Xiongdi in Ikebukuro: friendship as/instead of community amongst Chinese migrants in Tokyo
(University of Sheffield)
Paper short abstract:
Chinese migrants lives’ in Tokyo are transient and heavily network dependent, despite often opening up “Chinatown” like spaces that are common sites men spend time carousing. Based on fieldwork in Ikebukuro, I will show how masculine performances take on new meanings in transient migrant lives.
Paper long abstract:
Strong masculine friendships are a significant part of Chinese sociality. In the migrant context this takes on even greater meaning as other forms of institutionalised togetherness are eroded. Chinese migrants lives' in Tokyo are transient and heavily network dependent, despite being the largest group of non-nationals and often opening up "Chinatown" like spaces. Ikebukuro, one such space, is a common site for Chinese men to spend time consuming Chinese products and carousing at night. Based on over 18 months fieldwork in Ikebukuro, I will show how masculine friendships and performances take on new meanings in highly transient migrant lives. Rather than long lasting friendship, or "community," Chinese men in Ikebukuro seek ecstatic moments of conviviality in the pool halls, Chinese restaurants and karaoke bars of this space. Whilst this is not markedly different from masculine sociality in other parts of the Chinese speaking world, interviews with these men in private elicit a sense of change in this mode of friendship. Seen as fleeting and temporary, these networks are described as a quick fix for the loneliness found in migrant life. At the same time, it still depends on the rhetoric of "xiongdi" (brotherhood/mateship) to provide a satisfying affect. This shows the paradoxical need to cite older gendered ways of performing "togetherness" despite the perceived changes occurring in this form of sociality.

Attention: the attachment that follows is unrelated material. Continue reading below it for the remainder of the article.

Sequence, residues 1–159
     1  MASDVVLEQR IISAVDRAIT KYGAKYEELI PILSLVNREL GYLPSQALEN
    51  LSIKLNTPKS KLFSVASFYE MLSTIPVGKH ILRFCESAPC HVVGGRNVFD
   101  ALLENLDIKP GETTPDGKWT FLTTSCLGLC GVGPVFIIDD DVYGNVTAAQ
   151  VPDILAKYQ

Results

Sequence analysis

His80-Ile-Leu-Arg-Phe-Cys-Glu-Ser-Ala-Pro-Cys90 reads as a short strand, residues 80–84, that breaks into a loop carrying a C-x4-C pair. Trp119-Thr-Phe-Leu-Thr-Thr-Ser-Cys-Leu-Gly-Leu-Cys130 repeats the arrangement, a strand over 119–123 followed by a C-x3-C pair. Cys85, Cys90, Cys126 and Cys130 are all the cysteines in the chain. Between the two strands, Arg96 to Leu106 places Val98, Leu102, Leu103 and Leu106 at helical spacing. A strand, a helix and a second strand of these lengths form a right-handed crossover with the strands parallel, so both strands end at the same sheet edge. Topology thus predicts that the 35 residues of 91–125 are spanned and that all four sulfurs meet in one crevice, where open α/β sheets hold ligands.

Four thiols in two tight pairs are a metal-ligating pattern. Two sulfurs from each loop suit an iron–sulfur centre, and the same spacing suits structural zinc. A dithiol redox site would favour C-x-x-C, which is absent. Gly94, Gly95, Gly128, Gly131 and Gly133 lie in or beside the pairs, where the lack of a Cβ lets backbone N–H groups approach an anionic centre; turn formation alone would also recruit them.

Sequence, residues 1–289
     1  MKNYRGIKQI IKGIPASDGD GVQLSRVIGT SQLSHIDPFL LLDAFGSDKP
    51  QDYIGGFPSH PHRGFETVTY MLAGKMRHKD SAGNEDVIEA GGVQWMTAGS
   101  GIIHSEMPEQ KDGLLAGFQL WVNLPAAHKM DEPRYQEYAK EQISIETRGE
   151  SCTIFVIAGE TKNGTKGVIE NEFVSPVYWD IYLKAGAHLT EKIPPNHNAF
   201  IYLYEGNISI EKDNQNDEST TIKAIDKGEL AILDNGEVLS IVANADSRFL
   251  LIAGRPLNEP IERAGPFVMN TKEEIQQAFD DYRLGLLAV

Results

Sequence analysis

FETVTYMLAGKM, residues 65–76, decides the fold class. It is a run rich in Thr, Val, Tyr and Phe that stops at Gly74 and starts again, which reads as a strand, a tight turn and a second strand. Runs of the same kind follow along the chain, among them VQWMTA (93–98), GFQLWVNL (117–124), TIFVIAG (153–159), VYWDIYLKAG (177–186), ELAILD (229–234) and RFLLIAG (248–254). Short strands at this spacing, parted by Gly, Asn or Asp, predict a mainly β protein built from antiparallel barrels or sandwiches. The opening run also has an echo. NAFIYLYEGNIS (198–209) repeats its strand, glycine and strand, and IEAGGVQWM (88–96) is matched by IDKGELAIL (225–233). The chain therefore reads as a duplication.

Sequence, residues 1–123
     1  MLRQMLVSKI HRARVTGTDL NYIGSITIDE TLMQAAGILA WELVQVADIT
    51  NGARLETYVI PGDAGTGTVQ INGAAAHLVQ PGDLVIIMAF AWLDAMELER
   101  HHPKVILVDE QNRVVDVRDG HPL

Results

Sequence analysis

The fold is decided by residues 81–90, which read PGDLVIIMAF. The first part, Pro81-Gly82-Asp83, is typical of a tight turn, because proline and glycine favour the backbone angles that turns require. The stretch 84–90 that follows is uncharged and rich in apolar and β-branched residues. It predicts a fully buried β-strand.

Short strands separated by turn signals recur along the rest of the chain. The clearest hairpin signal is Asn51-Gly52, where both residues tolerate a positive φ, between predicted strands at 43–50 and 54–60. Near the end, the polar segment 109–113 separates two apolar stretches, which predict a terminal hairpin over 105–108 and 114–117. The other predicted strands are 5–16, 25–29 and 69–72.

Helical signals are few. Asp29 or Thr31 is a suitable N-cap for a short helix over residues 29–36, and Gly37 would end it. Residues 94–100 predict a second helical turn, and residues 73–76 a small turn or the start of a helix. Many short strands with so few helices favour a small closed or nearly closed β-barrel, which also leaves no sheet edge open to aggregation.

Masculinities in times of uncertainty and change